I really enjoy the high level conversations between Stefan and VD, hope to see more discussions of literature in the future because the only other videos I have found on literature are from universities and leftists, so I perceive a gap. That is, unless someone can point me to some blogger or youtuber who is bridging this gap already.

Blogger Sam Spade June 14, 2017 12:20 PM  

Outstanding chat as always.

I foresee Stefan in the future as a based priest of real Christianity. I feel he is almost there.

Blogger tublecane June 14, 2017 3:15 PM  

@27-Nietzsche goes beyond social construct denial. He's a full-on truth denier. The argument in the Genealogy of Morals runs directly from the strong don't have to follow the petty rules of the weak to there's no such thing as 2+2=4.

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Anonymous Anonymous June 14, 2017 8:19 PM  

Genxers just have to philosophize.

The little rascal is a neet, not unlike myself and a number of my friends. He does disgusting neet things, and even worse things than most neets. I read this book when I had a fever and got better halfway through, so in my mind he gets away with it. I was egging him on in my mind.

I envy him in that he had an arrangement for free housing when my rent was just raised 30% this year.

The real proletariat doesn't signal about commujism. The rascal wasn't signaling either. He was trying to live in the way he believed he should just like everyone else in that forsaken city.

If you want to philosophize about solutions to the social problems in the book, slavery for people who can't live on their own would work.

The great American vidya is Bioshock Infinite. In it a city more beautiful and lovingly crafted than any that actually existed in real America even back when America was great is destroyed by a drunken gambler who sold his own daughter and a rabble of commie terrorists. You play as the rampaging drunkard.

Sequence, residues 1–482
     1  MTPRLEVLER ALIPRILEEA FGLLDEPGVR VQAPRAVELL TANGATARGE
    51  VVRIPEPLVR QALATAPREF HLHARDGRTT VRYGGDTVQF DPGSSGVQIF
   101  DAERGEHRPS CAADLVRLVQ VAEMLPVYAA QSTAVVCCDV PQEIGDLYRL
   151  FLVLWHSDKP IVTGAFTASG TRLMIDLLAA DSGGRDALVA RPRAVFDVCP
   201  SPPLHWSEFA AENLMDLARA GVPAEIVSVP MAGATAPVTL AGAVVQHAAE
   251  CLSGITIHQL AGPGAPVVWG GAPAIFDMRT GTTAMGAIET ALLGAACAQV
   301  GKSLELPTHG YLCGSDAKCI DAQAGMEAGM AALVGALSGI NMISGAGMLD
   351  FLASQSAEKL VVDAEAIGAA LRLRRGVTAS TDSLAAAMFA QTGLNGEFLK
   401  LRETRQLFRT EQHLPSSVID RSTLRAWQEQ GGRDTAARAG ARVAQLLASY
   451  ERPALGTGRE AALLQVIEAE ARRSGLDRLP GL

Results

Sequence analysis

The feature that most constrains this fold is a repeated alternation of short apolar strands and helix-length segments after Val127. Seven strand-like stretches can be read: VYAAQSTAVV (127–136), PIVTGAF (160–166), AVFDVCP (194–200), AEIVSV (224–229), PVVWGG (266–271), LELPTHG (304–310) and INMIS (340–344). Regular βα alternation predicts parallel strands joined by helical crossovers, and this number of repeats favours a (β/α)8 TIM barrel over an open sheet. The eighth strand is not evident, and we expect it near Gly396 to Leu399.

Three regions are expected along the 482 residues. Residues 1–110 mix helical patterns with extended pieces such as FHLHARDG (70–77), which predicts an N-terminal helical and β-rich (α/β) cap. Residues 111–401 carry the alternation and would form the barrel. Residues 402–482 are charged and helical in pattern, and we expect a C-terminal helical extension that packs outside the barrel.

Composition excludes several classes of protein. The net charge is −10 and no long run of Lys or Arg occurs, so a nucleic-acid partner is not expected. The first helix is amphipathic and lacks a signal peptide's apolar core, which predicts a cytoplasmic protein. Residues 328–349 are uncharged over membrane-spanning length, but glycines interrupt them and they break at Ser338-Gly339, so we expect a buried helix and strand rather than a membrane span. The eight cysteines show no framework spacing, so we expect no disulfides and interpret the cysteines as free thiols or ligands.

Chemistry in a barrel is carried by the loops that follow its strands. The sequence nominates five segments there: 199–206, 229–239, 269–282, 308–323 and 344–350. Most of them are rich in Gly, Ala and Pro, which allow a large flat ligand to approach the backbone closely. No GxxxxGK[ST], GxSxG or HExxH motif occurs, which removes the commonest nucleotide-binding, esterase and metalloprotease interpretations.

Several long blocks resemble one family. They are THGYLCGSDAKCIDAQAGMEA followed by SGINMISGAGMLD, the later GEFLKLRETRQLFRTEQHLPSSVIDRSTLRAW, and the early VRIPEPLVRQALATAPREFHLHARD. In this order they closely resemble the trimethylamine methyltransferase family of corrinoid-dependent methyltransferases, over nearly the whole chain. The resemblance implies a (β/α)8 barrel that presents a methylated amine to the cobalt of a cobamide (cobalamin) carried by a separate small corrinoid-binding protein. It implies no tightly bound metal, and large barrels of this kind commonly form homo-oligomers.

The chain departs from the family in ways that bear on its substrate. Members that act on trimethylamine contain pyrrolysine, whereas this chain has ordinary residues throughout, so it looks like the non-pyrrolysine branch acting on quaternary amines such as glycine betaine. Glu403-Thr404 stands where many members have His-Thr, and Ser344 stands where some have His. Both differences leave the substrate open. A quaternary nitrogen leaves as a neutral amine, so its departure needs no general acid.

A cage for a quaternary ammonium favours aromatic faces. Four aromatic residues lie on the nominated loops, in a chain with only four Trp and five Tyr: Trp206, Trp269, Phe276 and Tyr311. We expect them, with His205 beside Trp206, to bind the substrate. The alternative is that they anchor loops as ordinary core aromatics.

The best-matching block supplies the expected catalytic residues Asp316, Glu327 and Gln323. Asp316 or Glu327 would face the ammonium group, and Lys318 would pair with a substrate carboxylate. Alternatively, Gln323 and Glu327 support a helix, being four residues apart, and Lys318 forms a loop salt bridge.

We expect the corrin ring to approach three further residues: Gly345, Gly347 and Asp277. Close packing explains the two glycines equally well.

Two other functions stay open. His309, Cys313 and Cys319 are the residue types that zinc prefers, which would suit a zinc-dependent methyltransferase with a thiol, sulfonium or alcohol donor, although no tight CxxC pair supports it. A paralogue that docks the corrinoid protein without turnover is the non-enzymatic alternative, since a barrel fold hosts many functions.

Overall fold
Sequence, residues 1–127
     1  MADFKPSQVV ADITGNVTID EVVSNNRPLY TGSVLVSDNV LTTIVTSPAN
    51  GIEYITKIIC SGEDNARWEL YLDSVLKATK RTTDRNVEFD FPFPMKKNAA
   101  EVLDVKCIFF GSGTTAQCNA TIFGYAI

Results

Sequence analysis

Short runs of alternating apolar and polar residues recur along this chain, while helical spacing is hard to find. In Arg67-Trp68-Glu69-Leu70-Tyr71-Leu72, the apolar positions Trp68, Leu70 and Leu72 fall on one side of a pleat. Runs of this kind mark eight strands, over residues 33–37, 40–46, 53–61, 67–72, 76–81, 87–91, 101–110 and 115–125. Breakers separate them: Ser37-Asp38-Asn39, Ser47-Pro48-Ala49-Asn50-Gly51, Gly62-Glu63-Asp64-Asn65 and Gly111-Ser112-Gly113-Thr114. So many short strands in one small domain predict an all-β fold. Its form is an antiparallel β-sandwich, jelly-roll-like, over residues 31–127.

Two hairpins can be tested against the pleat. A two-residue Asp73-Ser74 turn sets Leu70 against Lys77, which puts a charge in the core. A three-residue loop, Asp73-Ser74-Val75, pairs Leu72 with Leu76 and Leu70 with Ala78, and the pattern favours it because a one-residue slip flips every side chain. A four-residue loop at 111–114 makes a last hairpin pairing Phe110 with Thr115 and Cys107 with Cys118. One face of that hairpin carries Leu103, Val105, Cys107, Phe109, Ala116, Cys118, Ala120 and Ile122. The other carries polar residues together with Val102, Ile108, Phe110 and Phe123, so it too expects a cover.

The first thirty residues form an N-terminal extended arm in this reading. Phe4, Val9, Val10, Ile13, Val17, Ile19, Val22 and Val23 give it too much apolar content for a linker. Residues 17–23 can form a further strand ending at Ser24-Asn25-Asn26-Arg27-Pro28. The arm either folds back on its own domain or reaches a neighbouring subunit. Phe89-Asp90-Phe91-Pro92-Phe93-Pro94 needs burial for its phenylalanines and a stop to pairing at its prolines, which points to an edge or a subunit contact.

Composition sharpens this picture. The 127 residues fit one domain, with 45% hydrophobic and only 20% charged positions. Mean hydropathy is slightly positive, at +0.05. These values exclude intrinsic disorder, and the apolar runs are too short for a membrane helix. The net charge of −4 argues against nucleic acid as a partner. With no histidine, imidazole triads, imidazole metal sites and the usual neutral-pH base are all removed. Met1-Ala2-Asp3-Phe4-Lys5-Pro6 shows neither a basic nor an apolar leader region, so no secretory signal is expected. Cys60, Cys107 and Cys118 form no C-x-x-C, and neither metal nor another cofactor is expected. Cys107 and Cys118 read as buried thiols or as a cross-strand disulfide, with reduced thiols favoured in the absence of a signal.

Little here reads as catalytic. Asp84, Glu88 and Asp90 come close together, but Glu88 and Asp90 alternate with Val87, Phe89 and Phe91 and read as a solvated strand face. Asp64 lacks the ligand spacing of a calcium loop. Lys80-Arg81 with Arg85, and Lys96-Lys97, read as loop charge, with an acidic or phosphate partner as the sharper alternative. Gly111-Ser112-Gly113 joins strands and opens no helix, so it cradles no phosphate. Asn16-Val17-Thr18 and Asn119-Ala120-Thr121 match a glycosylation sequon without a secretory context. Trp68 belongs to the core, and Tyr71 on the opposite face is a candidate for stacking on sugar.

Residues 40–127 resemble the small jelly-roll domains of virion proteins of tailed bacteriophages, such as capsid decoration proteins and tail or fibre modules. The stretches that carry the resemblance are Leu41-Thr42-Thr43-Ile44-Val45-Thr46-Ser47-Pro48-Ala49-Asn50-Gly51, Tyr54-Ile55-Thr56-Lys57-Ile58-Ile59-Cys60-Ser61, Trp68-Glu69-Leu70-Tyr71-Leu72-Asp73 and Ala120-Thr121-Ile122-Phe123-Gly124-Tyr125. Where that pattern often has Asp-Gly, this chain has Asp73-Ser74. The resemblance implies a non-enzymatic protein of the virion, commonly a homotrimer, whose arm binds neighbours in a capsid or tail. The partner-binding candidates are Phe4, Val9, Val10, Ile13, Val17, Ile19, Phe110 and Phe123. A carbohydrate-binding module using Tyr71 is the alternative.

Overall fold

Anonymous Azimus June 14, 2017 11:12 PM  

Listened to this tonight walking in the wake of a thunderstorm - very cool, existential stuff. If two right-thinking geniuses can create this quality of thought, imagine was 50-60 together in one room could come up with - The Constitution? Magna Carta?

Blogger JP June 15, 2017 12:46 AM  

I've got to read this book now! Listening to this podcast, it's apparent how badly public schooling has failed. These books used to be read by nearly everyone, and now it's mostly just eccentrics and a few English majors (who are rapidly dropping them for books written by their pet minorities).

I was in AP English and read constantly, yet I was rarely exposed to the true classics. Other than modernist garbage, a little Shakespeare and the Iliad/Odyssey was all I really got out of the actual coursework, and most of it no one was required to actually read in full. Searching for myself, I missed most of the classics and ended up with Clancy and Chrichton and some sci-fi. And the only way to not fall asleep in class was to read under my desk, so I had lots of time to read.

So if I'm one of the best-read men to come out of my high school class, and I largely missed the great minds of Western thought, no wonder our society is rapidly flushing down the toilet! Even with bright kids, if you starve them of any intellectual substance for too long, they'll start to think that rap lyrics are the work of poetic genius, and formulaic superhero movies are great storytelling. They can't raise the performance of the untermensch, but they can lobotomize everyone else through sheer boredom and repetition.

Anonymous Crew June 15, 2017 9:33 PM  

I guess the real question is:

Is Chinese Universalism the same as British Universalism the same as American Universalism the same as American Universalism?

Blogger Lazarus June 16, 2017 8:27 PM  

Crew wrote:I guess the real question is:

Is Chinese Universalism the same as British Universalism the same as American Universalism the same as American Universalism?

Yes, and No.